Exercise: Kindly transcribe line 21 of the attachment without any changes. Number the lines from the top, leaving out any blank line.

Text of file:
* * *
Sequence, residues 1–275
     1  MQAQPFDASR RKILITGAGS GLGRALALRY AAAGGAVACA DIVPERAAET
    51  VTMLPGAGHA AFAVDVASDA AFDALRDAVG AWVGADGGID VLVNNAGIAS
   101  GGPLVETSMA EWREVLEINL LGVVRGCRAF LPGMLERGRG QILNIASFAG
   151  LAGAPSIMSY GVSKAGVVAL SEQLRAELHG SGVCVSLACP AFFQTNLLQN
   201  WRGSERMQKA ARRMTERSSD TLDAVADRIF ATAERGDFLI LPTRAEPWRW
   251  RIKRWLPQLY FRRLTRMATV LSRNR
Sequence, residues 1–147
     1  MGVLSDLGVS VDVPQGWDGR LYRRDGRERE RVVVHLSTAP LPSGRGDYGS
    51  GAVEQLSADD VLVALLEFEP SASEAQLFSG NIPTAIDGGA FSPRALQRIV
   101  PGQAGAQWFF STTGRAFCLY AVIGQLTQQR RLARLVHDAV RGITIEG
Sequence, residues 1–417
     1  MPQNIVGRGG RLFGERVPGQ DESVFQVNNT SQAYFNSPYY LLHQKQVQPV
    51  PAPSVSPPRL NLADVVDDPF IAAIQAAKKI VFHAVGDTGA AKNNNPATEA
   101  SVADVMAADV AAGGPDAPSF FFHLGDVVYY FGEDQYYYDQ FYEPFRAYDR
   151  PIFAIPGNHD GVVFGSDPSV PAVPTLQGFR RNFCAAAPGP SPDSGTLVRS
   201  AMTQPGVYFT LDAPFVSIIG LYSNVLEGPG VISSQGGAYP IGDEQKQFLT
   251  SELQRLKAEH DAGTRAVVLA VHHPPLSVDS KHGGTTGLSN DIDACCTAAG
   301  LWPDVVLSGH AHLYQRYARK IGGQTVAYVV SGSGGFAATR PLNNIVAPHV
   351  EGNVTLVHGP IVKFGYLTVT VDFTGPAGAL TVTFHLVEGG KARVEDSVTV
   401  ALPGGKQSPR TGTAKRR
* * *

   401  ALPGGKQSPR TGTAKRR